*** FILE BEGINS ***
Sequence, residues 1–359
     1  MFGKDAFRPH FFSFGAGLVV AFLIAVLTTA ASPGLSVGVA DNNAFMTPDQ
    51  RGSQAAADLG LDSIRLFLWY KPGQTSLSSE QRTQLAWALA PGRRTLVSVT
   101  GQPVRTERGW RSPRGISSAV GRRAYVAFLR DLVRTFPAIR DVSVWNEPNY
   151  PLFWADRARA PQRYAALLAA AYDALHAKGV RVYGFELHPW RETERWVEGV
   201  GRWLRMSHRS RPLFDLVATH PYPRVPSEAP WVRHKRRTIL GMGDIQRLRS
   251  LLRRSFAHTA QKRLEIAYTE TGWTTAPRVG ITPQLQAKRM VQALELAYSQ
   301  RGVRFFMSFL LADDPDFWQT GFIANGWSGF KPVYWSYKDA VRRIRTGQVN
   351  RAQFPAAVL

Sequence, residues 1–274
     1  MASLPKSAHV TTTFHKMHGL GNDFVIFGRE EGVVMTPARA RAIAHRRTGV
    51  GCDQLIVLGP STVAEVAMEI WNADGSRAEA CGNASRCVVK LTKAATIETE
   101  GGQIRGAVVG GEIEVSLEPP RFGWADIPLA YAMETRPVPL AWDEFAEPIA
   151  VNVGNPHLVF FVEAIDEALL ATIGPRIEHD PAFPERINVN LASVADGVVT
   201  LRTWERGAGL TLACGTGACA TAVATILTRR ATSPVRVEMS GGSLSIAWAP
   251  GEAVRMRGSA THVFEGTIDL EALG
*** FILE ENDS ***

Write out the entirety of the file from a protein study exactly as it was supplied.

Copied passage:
Sequence, residues 1–359
     1  MFGKDAFRPH FFSFGAGLVV AFLIAVLTTA ASPGLSVGVA DNNAFMTPDQ
    51  RGSQAAADLG LDSIRLFLWY KPGQTSLSSE QRTQLAWALA PGRRTLVSVT
   101  GQPVRTERGW RSPRGISSAV GRRAYVAFLR DLVRTFPAIR DVSVWNEPNY
   151  PLFWADRARA PQRYAALLAA AYDALHAKGV RVYGFELHPW RETERWVEGV
   201  GRWLRMSHRS RPLFDLVATH PYPRVPSEAP WVRHKRRTIL GMGDIQRLRS
   251  LLRRSFAHTA QKRLEIAYTE TGWTTAPRVG ITPQLQAKRM VQALELAYSQ
   301  RGVRFFMSFL LADDPDFWQT GFIANGWSGF KPVYWSYKDA VRRIRTGQVN
   351  RAQFPAAVL

Sequence, residues 1–274
     1  MASLPKSAHV TTTFHKMHGL GNDFVIFGRE EGVVMTPARA RAIAHRRTGV
    51  GCDQLIVLGP STVAEVAMEI WNADGSRAEA CGNASRCVVK LTKAATIETE
   101  GGQIRGAVVG GEIEVSLEPP RFGWADIPLA YAMETRPVPL AWDEFAEPIA
   151  VNVGNPHLVF FVEAIDEALL ATIGPRIEHD PAFPERINVN LASVADGVVT
   201  LRTWERGAGL TLACGTGACA TAVATILTRR ATSPVRVEMS GGSLSIAWAP
   251  GEAVRMRGSA THVFEGTIDL EALG